When I travel I usually get a Wallpaper* design guide with me to explore, but this time I found the one about Palermo had not good reviews (was 2014), therefore I made a Basil design guide myself, which I share with you today in this post.
To do my research I used Instagram, advice from locals, and some post by Living Corriere, so I got the list of cool pleaces wanted to visit, and I believe you will also remain pleased by what I found.
“Palermo is the town with the most beautiful landscape in the world. (…) The valley between the two seas is wonderful, the lemon groves and orange gardens are perfect. Many guys have got Greek-like faces, others resemble Arabs, they look like many sculptures wondering open-air.
Yes, I confirm what Oscar Wilde says. Palermo has got a very ancient history, it was a Greek colony, capital of the Mediterrean, founded by Phoenicians, it saw the succession of Romans, Berbers, Normans, Arabs, who left an artistic and cultural heritage which was included in Unesco in 2015. After long dark decades with mafia, this town is seeing a new birth today, and attracts many young Europeans. Considering also it is close to the seaside, and its delicatessen, I immediately thought to this place when my cousin asked me to have a spring break somewhere. It was a long time I had been wishing to go, so when she changed her program last minute I decided to go anyway and explore it as a solo traveller. It was my first trip as solo, and it revealed perfect, I met many people, and found a beautiful place on Booking to say in the central via Masqueda. The two hosts, brother and sister Carlo and Diana (yes like the British royals), have acted and helped like two friends. I also got the opportunity to meet an old university friend who moved to Palermo from Lodi. Here below you find the list of places I advice you to go to, perfect for a 3 days stay, as I did.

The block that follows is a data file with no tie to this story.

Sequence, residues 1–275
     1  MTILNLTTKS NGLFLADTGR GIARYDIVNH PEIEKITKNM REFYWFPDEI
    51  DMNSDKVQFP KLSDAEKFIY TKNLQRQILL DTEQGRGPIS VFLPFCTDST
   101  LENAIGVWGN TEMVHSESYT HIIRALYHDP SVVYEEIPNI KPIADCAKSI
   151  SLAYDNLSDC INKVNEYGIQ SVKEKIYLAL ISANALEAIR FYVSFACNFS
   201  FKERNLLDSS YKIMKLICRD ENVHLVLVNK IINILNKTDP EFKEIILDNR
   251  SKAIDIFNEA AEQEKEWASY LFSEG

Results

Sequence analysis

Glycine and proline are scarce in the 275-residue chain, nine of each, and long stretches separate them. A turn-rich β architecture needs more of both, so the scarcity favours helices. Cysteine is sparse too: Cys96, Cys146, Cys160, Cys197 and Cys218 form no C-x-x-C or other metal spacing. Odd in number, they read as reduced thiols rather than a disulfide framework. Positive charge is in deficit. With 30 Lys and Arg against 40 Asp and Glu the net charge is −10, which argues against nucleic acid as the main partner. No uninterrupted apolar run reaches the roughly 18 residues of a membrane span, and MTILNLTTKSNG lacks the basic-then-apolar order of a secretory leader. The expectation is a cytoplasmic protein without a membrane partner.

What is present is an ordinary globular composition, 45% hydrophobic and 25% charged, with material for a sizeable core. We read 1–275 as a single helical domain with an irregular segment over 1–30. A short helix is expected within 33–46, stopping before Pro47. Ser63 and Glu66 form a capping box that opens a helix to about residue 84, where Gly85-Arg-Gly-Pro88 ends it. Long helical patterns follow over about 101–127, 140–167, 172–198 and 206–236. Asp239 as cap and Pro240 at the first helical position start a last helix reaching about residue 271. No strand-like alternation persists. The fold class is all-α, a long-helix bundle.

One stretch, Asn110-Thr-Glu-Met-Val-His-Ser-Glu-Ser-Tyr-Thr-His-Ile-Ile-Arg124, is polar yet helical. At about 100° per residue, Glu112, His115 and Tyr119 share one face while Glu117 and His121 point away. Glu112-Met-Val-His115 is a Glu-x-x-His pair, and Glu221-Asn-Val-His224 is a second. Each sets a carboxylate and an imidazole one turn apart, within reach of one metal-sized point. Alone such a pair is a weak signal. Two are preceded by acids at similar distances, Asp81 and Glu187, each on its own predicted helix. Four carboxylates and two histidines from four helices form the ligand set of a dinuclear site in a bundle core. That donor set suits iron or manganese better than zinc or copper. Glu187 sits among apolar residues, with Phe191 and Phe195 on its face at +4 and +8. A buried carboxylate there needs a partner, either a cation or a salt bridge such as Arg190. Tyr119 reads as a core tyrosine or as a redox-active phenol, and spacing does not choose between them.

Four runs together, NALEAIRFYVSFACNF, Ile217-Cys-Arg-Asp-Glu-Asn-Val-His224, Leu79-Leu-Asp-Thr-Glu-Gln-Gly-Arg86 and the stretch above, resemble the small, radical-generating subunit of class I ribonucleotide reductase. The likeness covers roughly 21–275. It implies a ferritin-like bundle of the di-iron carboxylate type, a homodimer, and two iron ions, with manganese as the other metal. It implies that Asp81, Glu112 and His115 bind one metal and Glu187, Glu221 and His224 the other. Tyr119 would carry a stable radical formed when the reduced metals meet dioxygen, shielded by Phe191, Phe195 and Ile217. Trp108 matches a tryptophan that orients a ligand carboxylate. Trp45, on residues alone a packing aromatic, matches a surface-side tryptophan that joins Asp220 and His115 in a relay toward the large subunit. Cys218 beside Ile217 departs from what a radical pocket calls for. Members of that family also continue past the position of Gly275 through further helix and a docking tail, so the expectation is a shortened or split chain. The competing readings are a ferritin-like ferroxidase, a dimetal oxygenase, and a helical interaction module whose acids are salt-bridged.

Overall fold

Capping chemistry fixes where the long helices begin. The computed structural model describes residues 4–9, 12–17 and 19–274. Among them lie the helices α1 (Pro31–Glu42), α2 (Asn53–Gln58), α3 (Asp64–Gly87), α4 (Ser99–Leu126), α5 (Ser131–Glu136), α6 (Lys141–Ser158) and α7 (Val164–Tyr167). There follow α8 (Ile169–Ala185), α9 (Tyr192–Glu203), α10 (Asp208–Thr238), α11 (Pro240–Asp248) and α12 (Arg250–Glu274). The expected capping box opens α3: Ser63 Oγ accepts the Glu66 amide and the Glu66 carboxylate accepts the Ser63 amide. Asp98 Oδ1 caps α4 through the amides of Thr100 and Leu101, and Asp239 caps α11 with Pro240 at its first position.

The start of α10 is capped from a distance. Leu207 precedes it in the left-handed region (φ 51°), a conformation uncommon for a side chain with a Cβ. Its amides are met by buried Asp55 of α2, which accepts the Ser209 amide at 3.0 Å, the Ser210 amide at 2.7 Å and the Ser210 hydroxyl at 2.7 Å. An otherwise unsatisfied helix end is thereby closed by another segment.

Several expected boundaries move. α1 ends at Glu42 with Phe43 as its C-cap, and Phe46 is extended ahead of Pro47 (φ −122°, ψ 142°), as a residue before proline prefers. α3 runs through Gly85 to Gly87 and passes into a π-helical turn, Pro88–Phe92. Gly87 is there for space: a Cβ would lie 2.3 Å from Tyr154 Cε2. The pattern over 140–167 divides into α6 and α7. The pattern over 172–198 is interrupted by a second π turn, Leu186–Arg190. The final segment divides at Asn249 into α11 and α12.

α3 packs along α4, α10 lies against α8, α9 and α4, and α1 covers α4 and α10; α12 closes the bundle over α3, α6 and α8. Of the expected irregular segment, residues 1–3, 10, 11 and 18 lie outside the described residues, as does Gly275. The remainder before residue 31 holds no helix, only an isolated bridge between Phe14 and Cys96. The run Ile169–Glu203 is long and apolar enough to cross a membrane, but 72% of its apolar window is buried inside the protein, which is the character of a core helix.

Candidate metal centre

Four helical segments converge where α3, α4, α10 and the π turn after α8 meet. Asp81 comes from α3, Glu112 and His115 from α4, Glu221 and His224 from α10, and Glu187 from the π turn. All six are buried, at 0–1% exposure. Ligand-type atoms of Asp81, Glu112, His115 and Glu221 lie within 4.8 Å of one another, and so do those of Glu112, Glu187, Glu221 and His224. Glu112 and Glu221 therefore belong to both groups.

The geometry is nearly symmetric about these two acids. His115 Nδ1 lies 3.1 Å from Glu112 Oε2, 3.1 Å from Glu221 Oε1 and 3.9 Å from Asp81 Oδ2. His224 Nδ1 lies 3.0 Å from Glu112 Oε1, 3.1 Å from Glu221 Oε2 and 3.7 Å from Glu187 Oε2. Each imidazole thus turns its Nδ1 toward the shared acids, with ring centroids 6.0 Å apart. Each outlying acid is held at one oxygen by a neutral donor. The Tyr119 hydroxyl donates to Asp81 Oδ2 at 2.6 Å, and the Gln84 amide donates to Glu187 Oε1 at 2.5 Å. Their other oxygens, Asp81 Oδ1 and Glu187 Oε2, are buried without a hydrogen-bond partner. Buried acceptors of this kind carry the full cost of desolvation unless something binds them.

Where to stay:
Carlo and Diana are brother and sister in their 30s, and they manage this newly renovated apartment inherited by their grandma. The location is very central in via Masqueda, and you get there from the airport via taxy sharing with only 7.00 euros. I booked a single room, and I was so happily surprised by the painted wooden ceiling dating back to the XVIII century, and the window facing the crawling street. Diana told me the ceiling was a nice discovery for them as well, since it was hidden behind a suspended ceiling.
Where to eat:
Pasticceria Costa – Via Maqueda 174
Costa pasticceria is an historical shop which sells typical Palermitan delicatessen. The Costa family started their activity in 1960, and opened their second shop in 2018 in via Masqueda, in the centre of the city, taking a 200 years old space. This historical interior had been the location for Pustorino before, a very famous, high end tailor, which left a deep memory in the city. Therefore Costa family had the aim to bring forward the same attention for high quality, luxury and tradition that distinguished the activity of the renown tailor, sharing and internationalising these same values. Love the original frescos on the walls, and the desserts of course! Don’t you?
Bisso Bistrot Via Masqueda, 172A